The Mid-Eastern Athletic Conference, enlisting outside assistance, upheld the touchdown reversal at the end of last Thursday's football game between Hampton U. and Bethune-Cookman.
Bethune-Cookman won the game 35-31 when officials overturned an apparent touchdown pass from David Legree to Isaiah Thomas on the game's final play, which would have given the Pirates a 37-35 victory.
Officials on the field initially signaled a touchdown after Thomas crossed the goal line and was then tackled. But when the ball came out of Thomas' hands as he was spun down and hit the ground, officials scrutinized the replay. After several minutes, the touchdown call was reversed.
MEAC commissioner Dennis Thomas issued a statement Tuesday afternoon in which he said that, in addition to conference coordinator of officials Rosie Amato, he sought assistance from three outside sources: Rogers Redding, the National Coordinator of Football Officials and NCAA Football Rules Committee Secretary-Rules Editor; ACC coordinator of officials Doug Rhoads; and Conference USA coordinator of officials Gerald Austin.
"Upon their review," Thomas' statement read in part, "it was concluded unanimously that the ruling to reverse the on-field call to an incomplete catch was accurate therefore invalidating the final Hampton touchdown."
Pirates coach Donovan Rose was deeply disappointed by the ruling. He took particular exception to the rules cited in the conference statement in its justification for nullifying the touchdown -- "that the airborne receiver did not maintain control of the ball after hitting the ground, and by rule did not fulfill all the elements of the process of completing the catch."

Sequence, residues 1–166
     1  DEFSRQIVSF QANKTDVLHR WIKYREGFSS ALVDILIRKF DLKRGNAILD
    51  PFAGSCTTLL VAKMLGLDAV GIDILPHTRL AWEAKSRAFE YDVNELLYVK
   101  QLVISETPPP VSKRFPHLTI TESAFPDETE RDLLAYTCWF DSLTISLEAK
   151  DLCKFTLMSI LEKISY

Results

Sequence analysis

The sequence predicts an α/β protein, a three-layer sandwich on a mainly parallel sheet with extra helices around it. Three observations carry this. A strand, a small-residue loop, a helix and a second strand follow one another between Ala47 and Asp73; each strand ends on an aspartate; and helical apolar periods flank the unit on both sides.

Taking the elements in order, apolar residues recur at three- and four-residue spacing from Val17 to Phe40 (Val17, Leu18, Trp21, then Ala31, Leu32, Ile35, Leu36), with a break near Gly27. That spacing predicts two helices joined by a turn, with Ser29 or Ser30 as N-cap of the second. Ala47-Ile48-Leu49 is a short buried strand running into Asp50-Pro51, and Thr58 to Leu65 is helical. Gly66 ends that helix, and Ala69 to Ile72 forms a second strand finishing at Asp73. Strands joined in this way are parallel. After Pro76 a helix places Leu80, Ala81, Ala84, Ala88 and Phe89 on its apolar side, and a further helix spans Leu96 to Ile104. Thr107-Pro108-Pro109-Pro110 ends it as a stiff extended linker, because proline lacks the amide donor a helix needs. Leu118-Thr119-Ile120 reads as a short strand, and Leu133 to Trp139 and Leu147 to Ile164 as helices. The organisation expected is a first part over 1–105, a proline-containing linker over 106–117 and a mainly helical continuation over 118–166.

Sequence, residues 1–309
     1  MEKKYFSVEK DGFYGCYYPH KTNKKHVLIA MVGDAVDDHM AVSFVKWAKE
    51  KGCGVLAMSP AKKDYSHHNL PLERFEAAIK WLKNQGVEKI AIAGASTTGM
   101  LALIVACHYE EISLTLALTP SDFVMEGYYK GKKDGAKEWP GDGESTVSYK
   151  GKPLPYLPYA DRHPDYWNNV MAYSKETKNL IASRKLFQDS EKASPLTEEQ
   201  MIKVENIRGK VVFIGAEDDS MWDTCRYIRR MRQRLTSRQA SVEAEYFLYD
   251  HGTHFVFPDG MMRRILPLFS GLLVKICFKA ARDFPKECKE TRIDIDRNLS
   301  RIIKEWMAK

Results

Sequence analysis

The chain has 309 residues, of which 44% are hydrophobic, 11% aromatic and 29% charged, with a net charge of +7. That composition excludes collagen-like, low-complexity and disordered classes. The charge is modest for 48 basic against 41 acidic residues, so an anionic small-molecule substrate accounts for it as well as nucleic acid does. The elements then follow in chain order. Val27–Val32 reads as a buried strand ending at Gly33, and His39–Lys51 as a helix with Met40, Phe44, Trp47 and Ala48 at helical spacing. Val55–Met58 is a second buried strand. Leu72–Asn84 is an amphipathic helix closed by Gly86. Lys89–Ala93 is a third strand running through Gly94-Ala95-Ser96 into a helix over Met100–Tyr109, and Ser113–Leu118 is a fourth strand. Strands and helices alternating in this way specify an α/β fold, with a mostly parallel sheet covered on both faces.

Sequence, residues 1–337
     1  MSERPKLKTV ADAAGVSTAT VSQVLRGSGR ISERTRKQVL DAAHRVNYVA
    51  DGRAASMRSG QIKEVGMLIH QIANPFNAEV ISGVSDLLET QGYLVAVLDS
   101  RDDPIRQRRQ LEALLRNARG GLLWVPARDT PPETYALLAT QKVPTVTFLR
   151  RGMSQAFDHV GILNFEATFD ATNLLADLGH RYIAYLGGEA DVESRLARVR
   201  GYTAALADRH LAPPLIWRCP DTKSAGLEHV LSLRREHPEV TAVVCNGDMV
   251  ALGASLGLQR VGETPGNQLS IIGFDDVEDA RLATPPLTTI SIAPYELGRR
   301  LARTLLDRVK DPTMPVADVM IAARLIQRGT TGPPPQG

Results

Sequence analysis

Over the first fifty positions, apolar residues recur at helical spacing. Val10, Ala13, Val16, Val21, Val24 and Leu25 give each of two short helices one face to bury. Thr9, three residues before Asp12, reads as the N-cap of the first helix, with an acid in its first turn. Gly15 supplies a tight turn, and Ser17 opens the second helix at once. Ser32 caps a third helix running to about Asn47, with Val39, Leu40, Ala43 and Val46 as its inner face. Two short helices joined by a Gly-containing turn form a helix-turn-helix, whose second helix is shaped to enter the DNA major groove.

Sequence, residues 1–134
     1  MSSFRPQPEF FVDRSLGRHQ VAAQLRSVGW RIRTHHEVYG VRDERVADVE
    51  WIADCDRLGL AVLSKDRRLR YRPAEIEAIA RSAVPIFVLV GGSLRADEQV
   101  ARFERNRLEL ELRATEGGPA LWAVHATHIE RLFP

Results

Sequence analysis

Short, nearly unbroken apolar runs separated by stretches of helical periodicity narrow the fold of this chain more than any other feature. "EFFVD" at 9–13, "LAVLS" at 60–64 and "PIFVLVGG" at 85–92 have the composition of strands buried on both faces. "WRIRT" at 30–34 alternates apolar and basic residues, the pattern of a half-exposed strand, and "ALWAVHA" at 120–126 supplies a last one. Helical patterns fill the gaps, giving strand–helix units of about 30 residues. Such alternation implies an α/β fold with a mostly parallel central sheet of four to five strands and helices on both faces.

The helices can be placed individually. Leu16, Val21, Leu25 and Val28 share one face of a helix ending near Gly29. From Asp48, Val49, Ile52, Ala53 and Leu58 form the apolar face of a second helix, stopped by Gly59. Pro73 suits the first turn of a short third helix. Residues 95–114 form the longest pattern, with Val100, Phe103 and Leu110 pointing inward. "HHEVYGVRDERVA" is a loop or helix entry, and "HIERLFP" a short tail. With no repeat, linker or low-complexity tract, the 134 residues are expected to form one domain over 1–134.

"I don't agree with that," Rose said. "I'm not going to let this sit, because that's not what happened."
Indeed, replays show that Thomas caught the pass at the goal line and crossed the plane of the goal line with possession of the ball. Bethune-Cookman defensive back D.J. Howard spun Thomas to the ground as he took two steps in the end zone, with Thomas landing on his rear end. The ball came loose when late-arriving B-CC defensive back Jean Fanor's knee made contact with Thomas as he hit the ground.
"He took two steps into the end zone," Rose said. "He had the ball when he crossed the goal line. He wasn't airborne. I don't see how those rules apply."
Rose also cited the NCAA rule book's requirement for overturning calls via instant replay.
"You're supposed to have indisputable evidence beyond all doubt," he said. "There was no indisputable evidence."
Rose was perusing the NCAA Rule Book as he spoke. He had learned of the conference's ruling only a few minutes before, and the more he spoke, the more agitated he became. He was unsure what further recourse, if any, the football program or his superiors had, but he didn't sound inclined to move on just yet.
"I don't like the way I feel," he said. "I want to find out more. I want to fight for my players. They worked too hard to have this taken away from them like that. I think this is a gross injustice."Copyright © 2014, The Baltimore Sun